Before long, you don't even want to try because you know it's going to be a struggle. It might even hurt. Perhaps you'll hate yourself a little bit and question if you're ever meant to lace up your running shoes or open your laptop again. 

I've been a runner longer than I've been a writer and any runner will tell you this obvious truth: the more you do it, the easier it becomes. Any writer will tell you the same thing about plucking away at the keyboard. 

If you only lace up or boot up when inspiration strikes, you will most likely feel clunky and exhausted.

I'm looking forward to shaking off the cobwebs on my sneakers and my laptop in the coming weeks...even though it's going to feel awkward and painful and I will curse my haphazard ways. 

Aren't you glad the beginning of the year is right around the corner? A fresh start is always a gift.


That's all I've got for December. I'm sure there are many other things I've noticed but they have come and gone in my brain, drowned in the sea of cheese, creamy coffee, and holiday confections that have been my steady diet the last few weeks.

What have you learned in December?  

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Tuesday, December 17, 2013

What an $18 Fake Christmas Tree Taught Me About Saying Yes

When my kids ask for something, I usually say no

That's because they ask for things like candy and screen time and new stuff and candy and things that are just completely unreasonable and also candy. Undeterred by the frequent no, they continue to ask for these things a lot. And because I try to keep treats and electronic brain-numbing to a healthy moderation, it seems like I am forever and always saying no

But all of that changed on an impromptu trip to Big Lots. 

Every year these kids of mine beg for a Christmas tree in their room and every year I think to myself, That is so totally unneccessary. Kids with their own personal Christmas trees? It's a testimony to American consumerism and privileged kids run amuck. My kids have plenty. I will not add to their ruin by indulging them with their own personal Christmas trees.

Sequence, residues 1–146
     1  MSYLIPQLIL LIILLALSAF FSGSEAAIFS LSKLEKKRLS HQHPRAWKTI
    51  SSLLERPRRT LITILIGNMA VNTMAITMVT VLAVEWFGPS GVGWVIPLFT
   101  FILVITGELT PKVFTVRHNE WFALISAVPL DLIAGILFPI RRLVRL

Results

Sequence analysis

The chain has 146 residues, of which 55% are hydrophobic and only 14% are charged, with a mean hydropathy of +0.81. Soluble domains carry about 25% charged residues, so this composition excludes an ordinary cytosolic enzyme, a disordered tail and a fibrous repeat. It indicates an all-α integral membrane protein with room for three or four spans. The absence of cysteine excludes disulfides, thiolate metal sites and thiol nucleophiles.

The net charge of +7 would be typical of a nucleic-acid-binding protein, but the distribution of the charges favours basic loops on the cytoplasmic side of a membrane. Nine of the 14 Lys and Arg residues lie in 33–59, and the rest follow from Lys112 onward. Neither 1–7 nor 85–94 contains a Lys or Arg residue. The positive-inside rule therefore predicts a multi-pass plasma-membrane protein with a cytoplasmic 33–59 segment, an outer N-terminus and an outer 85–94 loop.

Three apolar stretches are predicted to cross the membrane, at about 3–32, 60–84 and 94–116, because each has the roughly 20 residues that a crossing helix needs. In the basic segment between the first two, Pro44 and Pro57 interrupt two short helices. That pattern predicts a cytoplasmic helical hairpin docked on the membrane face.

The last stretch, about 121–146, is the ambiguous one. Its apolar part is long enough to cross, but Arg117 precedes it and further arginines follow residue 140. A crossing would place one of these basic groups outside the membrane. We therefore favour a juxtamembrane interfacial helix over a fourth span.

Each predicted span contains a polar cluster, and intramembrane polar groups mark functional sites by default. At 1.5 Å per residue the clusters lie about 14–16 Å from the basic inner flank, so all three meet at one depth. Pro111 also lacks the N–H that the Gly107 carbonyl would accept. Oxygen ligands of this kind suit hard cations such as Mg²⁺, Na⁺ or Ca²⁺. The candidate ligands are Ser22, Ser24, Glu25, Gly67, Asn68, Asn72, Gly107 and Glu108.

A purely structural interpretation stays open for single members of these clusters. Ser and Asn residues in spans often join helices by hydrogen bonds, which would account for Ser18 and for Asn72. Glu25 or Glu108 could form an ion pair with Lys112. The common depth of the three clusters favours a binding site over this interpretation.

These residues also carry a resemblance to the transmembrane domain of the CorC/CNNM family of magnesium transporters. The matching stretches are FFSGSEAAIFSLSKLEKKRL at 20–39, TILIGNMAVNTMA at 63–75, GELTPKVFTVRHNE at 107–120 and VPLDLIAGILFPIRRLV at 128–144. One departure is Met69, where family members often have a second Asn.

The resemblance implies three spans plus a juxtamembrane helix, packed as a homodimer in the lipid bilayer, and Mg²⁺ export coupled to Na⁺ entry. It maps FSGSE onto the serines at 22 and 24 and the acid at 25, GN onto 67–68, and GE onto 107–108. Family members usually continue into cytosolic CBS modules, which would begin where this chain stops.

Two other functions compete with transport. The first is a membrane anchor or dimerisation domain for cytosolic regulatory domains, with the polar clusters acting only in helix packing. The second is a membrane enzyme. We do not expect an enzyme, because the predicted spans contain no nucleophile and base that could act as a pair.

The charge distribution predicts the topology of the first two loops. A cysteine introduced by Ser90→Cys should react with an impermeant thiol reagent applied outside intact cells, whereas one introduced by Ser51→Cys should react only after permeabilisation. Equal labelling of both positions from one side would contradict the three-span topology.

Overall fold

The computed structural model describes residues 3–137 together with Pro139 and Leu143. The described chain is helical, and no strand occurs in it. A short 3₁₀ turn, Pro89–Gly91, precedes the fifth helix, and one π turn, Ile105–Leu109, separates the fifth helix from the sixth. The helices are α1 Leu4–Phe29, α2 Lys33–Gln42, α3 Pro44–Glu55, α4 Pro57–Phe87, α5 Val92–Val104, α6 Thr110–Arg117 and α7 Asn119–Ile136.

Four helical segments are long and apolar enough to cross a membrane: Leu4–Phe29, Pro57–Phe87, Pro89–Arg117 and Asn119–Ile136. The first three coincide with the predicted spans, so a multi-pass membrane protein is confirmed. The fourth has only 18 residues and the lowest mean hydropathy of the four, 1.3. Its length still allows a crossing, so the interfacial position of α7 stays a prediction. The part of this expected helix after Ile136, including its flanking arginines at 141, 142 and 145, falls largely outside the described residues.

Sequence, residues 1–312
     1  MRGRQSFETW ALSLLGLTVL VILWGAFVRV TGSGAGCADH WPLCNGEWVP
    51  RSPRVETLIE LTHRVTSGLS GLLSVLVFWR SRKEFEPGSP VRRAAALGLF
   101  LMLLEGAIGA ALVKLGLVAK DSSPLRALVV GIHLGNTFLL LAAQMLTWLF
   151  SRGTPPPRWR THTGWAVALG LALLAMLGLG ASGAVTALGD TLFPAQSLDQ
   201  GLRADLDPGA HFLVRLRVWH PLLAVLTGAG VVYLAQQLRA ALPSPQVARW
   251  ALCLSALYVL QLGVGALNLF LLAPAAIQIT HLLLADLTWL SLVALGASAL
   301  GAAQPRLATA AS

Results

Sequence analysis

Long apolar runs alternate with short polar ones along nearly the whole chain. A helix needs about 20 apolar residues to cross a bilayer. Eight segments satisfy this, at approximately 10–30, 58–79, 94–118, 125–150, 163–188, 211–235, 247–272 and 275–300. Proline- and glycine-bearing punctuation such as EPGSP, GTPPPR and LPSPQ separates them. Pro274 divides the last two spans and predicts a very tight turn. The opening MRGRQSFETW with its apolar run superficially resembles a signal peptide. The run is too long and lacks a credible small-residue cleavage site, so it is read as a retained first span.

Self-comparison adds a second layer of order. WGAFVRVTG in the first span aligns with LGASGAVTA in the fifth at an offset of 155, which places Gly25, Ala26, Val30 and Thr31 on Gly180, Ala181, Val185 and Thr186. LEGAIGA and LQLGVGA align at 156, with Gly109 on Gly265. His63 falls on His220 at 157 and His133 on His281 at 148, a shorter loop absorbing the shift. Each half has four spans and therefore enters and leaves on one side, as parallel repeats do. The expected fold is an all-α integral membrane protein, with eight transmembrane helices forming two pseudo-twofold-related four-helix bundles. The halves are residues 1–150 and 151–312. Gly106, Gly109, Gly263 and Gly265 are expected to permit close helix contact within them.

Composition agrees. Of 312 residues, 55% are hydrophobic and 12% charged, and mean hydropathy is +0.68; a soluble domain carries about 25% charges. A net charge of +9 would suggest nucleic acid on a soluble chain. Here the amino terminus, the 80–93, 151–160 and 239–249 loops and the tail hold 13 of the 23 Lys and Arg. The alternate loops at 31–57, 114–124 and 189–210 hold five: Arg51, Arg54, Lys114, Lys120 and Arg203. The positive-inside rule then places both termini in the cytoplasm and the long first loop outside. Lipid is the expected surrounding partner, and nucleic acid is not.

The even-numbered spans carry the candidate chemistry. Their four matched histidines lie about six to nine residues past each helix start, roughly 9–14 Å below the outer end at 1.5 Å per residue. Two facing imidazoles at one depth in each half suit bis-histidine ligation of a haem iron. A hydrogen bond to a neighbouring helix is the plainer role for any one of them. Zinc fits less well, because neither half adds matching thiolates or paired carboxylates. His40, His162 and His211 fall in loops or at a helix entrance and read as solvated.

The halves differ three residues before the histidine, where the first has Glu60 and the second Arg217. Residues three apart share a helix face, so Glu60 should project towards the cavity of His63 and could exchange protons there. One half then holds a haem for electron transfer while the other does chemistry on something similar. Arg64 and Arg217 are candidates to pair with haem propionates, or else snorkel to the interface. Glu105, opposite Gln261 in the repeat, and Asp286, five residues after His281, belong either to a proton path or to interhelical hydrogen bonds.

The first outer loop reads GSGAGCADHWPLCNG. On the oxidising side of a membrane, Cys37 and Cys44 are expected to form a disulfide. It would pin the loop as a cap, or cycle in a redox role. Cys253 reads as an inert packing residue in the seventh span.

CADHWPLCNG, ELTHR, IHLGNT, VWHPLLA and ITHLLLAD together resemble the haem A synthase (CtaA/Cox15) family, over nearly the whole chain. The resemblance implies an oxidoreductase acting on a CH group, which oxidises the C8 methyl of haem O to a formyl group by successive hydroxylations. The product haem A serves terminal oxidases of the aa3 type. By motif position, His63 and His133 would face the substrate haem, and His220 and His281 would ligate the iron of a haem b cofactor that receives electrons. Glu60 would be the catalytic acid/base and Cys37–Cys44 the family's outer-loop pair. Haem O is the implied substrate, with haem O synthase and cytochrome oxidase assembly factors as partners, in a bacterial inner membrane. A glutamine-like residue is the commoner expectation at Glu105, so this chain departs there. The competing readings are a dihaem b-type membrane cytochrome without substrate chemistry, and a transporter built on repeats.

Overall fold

Yet two weeks ago I found myself unloading two four-foot Christmas trees from the Big Lots shopping cart into my van. A pre-lit green one for the boys' room and a pre-lit white one for my girl. 

I'm not sure what happened. But I think it had something to do with Barbie Dream House regret and my kids growing up too fast and thinking about how they'll anticipate getting these trees down from the attic every year and falling asleep each December amid the glow of twinkle lights. 

I called my husband from the parking lot and said, You will not believe what I just bought. 

I picked the boys up from school and told them what I had in the trunk. Fifteen minutes of squeals and delight later, we were unboxing a kid-size tree and decorating it with their homemade ornaments and plugging in the lights. 

My daughter got home late that evening from youth group. It just so happened that they'd crafted cute little ornaments and I said, Oh, I have just the place for that snowman ornament. 

When she walked into her room and saw the white tree with the glittery pink bow at the top, she resembled a just-crowned Miss America, hands cupped over her mouth and shaking with happy disbelief, eyes as big as saucers. All she needed was a sash and a crooked tiara.

I guess Christmas came early.